Dr. Oliver Fiehn

Group "Metabolomic Analysis"
New position: Full Professor, Metabolomics, Genome Center, Department of Molecular and Cellular Biology, University of California

The group studied the regulation of plant biochemical pathways in order to learn more about source-sink relationships in plants, and developed methods for metabolomic analysis using mass spectrometry coupled with gas and liquid chromatography (GC/MS and LC/MS). Metabolomic analysis is aimed at the comprehensive and quantitative analysis of all metabolites of a biological system, and necessarily includes novel strategies for compound identification and bioinformatic data mining.

Sites of carbon fixation are linked to sites of net consumption via the vascular system. Almost all metabolites can be transported, depending on the developmental stage of a source leaf, and the varying needs of strong sinks such as fruits, tubers, or flowers. Therefore, the study of source-sink relationships cannot be restricted to specific biochemical pathways or selected organs. Instead, a systemic approach is needed that views metabolic networks in different organs in response to plant development and its environment. The group used Arabidopsis thaliana, Solanum tuberosum, and Cucurbitaceae as model organisms.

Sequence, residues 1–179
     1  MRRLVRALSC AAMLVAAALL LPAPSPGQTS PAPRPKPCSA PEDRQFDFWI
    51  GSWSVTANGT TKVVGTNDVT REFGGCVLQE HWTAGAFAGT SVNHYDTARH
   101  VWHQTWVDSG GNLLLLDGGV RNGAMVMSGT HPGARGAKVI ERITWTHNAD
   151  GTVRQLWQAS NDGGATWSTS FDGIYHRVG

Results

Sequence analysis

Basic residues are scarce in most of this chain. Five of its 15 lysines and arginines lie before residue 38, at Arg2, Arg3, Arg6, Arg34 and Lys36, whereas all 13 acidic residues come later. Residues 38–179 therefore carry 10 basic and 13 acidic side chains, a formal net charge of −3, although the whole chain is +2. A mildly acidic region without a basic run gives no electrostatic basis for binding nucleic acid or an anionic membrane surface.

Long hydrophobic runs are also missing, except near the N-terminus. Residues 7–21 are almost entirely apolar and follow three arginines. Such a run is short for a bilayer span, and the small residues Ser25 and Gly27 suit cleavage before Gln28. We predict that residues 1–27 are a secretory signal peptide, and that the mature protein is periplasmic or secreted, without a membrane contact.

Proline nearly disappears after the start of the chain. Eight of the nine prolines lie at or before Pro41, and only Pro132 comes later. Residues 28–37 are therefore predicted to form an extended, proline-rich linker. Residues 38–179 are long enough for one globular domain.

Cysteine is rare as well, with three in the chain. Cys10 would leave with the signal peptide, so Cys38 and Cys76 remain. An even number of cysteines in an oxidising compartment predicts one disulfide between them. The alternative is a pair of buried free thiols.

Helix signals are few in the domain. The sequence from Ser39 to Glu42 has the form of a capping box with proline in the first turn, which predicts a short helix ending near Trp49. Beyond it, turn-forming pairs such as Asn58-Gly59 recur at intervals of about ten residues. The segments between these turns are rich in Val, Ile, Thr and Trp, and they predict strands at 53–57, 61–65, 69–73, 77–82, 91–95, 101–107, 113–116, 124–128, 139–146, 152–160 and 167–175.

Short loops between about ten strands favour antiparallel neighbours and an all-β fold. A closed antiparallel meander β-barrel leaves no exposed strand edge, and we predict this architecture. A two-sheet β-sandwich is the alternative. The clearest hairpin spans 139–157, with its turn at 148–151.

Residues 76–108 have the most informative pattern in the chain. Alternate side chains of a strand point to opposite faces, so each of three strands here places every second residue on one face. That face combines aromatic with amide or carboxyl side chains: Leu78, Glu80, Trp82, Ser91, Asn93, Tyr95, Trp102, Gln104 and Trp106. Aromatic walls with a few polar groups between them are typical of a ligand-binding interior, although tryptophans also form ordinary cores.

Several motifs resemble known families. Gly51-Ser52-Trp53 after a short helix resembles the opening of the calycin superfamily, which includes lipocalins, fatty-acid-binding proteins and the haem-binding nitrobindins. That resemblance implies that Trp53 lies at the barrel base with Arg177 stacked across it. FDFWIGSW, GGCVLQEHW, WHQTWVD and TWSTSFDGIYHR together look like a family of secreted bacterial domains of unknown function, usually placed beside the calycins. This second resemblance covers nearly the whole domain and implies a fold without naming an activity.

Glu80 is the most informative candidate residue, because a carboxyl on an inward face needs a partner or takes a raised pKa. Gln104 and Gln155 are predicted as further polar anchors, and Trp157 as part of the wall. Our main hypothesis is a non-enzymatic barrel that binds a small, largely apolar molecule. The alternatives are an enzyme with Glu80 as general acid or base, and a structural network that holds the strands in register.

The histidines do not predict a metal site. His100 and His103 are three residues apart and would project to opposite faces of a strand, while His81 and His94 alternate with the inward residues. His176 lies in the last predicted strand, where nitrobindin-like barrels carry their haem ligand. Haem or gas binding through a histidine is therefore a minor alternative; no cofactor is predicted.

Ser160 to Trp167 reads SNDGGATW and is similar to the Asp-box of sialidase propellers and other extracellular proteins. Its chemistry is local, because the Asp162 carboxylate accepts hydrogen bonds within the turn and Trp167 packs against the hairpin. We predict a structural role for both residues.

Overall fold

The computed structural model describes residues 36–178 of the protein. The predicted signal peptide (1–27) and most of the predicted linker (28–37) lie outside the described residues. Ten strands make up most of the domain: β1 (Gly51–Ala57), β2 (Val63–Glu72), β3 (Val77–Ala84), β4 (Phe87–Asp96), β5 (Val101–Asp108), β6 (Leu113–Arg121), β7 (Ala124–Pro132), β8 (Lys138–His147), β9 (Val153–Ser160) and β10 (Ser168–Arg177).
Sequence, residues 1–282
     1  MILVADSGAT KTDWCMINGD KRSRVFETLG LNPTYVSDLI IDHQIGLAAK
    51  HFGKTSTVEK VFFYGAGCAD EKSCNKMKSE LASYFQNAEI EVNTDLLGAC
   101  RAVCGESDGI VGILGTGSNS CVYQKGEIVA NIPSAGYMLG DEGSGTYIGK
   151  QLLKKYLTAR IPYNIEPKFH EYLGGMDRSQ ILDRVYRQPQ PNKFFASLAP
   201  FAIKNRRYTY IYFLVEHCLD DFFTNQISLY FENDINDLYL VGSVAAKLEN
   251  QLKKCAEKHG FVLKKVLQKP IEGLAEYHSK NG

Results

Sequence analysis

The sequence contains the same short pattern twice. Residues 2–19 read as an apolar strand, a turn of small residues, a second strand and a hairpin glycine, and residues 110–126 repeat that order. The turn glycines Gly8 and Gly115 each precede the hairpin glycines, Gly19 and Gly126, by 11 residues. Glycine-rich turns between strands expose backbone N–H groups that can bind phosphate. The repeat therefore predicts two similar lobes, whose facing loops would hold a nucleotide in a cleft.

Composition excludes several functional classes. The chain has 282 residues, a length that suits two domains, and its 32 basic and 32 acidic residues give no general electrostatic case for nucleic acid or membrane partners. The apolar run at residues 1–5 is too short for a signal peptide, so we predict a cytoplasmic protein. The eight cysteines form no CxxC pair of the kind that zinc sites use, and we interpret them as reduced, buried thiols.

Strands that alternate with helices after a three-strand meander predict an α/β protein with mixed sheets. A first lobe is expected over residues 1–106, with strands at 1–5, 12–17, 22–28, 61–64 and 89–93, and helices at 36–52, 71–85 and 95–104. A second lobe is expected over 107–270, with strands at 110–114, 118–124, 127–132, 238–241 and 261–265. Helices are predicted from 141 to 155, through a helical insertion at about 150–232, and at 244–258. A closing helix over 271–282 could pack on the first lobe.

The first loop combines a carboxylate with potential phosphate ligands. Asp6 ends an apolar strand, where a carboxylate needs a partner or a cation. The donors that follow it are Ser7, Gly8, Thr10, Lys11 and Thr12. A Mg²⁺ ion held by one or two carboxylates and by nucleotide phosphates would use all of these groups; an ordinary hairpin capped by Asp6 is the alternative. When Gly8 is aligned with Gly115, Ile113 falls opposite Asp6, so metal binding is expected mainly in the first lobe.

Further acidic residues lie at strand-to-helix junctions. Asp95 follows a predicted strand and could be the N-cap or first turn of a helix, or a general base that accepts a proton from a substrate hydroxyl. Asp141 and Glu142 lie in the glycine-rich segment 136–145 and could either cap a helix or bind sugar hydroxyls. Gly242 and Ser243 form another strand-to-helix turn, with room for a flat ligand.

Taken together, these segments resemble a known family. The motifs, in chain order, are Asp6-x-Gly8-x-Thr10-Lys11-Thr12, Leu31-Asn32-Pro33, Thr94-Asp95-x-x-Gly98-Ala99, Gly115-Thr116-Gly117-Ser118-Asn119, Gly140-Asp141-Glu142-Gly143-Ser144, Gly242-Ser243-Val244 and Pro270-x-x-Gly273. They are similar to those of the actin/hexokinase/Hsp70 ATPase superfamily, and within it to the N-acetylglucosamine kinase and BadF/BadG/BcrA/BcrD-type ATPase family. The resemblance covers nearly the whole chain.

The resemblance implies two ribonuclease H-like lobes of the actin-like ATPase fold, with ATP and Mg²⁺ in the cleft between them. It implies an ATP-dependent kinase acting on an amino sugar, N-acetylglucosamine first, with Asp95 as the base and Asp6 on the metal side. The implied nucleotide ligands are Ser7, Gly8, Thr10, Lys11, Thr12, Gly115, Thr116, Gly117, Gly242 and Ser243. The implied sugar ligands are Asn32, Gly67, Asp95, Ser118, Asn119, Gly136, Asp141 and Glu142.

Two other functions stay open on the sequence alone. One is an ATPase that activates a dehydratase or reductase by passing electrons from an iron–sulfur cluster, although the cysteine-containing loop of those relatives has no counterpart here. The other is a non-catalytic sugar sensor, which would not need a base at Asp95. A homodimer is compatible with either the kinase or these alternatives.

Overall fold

Methods to analyze such networks need continuing efforts for development in terms of robustness and preciseness. Therefore, a strong focus of the group's work was to improve the ability to detect and visualize such networks. We employed mass spectrometric and other analytical tools to generate complex data sets, that are analyzed by statistical and bioinformational tools. The group also extended metabolomic applications to related fields of biological research such as functional genomics, or the investigation of 'substantial equivalence' of GMO plants.

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